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KMBC-TV, virtual channel 9 (UHF digital channel 29), is an ABC-affiliated television station licensed to Kansas City, Missouri, United States and serving the Kansas City metropolitan area. The station is owned by the Hearst Television subsidiary of Hearst Communications, as part of a duopoly with CW affiliate KCWE (channel 29). The two stations share studios on Winchester Avenue (along I-435, near Swope Park) in the Ridge-Winchester section of Kansas City, Missouri, and transmitter facilities at the intersection of East 23rd Street and Topping Avenue in the city's Blue Valley section. On cable, KMBC-TV is available on Charter Spectrum, Comcast Xfinity and Consolidated Communications channel 12, and Google Fiber and AT&T U-verse channel 9. There is a high definition feed provided on Spectrum digital channel 1200, Xfinity channel 812, Consolidated channel 610 and U-verse channel 1009.

KMBC also serves as an alternate ABC affiliate for the St. Joseph market (which borders the northern portions of the Kansas City Designated Market Area), as its transmitter also produces a city-grade signal that reaches St. Joseph proper and rural areas in the market's central and southern counties. The station is also available in that market on select cable providers (including Suddenlink Communications) as a secondary ABC outlet to KQTV (channel 2), which has served as the network's official St. Joseph station since it became a full-time affiliate in June 1967; KMBC's near-ubiquitous cable distribution in St. Joseph dates back to KQTV's former status as a primary CBS affiliate from its September 1953 sign-on until the former KFEQ-TV disaffiliated from that network in 1967, a period in which the station supplemented its CBS offerings with a limited selection of ABC programs.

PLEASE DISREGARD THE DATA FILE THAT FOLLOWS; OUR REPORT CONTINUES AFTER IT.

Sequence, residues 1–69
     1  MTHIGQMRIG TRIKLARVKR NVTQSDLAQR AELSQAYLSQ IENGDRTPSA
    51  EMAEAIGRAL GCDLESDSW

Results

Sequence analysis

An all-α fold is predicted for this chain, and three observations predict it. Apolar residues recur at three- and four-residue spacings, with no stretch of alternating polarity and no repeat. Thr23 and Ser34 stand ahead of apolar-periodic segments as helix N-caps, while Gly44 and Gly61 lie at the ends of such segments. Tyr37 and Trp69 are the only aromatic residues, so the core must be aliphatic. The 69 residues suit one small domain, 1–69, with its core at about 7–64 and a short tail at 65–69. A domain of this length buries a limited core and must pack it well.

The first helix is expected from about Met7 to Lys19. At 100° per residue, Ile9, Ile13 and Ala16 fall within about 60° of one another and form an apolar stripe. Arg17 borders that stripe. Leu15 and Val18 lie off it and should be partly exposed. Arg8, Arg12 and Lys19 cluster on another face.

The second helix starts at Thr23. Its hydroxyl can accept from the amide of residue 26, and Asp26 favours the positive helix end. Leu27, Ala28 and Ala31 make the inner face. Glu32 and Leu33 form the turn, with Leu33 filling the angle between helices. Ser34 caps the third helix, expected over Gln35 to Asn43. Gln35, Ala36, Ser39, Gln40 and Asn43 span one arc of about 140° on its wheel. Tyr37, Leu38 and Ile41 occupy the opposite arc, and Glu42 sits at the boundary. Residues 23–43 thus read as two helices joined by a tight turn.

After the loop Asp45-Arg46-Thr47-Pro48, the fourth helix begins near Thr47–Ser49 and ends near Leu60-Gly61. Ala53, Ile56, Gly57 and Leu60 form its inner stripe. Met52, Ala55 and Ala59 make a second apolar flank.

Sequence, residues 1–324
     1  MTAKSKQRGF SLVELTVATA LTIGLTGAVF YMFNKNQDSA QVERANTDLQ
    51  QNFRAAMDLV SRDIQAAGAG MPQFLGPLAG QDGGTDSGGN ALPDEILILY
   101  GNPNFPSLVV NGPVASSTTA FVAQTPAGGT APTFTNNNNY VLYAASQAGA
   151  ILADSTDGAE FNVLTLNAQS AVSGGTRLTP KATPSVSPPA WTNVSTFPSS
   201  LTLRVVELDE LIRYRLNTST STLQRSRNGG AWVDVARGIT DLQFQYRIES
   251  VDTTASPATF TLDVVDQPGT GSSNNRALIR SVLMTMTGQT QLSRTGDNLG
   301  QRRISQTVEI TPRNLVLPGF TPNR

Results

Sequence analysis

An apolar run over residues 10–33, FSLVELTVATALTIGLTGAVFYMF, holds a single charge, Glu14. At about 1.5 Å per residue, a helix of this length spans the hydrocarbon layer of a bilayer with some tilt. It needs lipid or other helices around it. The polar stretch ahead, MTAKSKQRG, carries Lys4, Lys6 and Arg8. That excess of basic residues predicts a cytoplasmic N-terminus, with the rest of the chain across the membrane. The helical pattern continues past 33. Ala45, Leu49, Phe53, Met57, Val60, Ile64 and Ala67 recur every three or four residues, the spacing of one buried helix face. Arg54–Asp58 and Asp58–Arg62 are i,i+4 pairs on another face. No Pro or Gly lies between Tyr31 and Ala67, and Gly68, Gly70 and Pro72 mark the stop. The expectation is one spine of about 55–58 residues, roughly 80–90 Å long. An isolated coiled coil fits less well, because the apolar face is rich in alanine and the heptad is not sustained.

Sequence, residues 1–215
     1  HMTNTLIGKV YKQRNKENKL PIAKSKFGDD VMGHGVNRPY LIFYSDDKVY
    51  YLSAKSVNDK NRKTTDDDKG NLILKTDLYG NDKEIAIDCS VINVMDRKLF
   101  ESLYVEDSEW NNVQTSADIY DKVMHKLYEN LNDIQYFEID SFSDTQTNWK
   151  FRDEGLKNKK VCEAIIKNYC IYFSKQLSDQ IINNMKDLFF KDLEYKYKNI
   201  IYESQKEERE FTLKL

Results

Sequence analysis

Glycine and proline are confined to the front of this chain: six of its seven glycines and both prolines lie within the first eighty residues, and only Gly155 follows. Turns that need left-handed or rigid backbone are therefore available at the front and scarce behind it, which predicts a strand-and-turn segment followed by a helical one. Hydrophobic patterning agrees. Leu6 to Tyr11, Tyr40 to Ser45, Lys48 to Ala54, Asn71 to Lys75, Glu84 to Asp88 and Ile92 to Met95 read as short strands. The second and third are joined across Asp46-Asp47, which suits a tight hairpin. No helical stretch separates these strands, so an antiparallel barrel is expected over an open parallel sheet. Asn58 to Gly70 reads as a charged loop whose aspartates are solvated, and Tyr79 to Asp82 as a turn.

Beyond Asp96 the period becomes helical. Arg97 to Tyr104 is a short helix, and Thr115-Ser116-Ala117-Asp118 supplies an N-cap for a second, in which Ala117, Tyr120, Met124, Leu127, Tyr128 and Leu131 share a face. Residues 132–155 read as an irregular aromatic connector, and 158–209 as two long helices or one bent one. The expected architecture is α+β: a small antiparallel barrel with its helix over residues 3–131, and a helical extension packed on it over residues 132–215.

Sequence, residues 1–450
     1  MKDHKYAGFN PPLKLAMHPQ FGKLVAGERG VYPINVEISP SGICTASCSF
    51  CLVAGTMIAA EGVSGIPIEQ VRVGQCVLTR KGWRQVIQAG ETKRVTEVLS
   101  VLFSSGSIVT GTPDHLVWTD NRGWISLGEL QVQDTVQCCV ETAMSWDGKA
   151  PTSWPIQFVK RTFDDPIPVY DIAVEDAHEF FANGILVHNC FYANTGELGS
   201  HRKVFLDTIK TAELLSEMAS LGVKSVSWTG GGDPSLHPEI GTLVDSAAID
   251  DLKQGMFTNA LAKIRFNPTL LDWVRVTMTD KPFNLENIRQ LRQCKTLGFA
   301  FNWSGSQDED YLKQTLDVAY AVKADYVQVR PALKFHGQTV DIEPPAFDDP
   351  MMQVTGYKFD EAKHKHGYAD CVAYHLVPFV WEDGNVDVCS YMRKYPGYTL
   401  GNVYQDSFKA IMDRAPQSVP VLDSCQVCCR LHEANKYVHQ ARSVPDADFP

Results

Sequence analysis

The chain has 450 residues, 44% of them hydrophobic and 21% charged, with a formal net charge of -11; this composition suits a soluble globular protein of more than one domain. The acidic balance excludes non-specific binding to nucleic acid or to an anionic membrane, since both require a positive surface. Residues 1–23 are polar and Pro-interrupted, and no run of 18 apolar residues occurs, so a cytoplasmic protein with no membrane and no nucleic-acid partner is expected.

History[]

Early years: from two stations to one[]

The third and last VHF television allocation in the Kansas City market was hotly contested between two locally based companies which had each competed to become the granted holder of the construction permit to build the new station on VHF channel 9. The prospective licensees in question were the Cook Paint and Varnish Company and the Midland Broadcasting Company, which had respectively owned two of the area's AM radio stations – Cook was the operator of WHB (then at 710 AM, now at 810 AM), while Midland owned KMBC (980 AM, now KMBZ). Eventually, the companies reached an agreement to combine their individual inquiries for the permit and jointly bid for the license. Under the proposed deal, Cook Paint and Varnish and Midland Broadcasting agreed to an arrangement in which the two licensees would share the channel 9 allocation as well as a transmitter facility; although each company would structure their common television property as two separate stations, individually maintaining operational stewardship of their respective stations and operating from different studio facilities within the metropolitan area.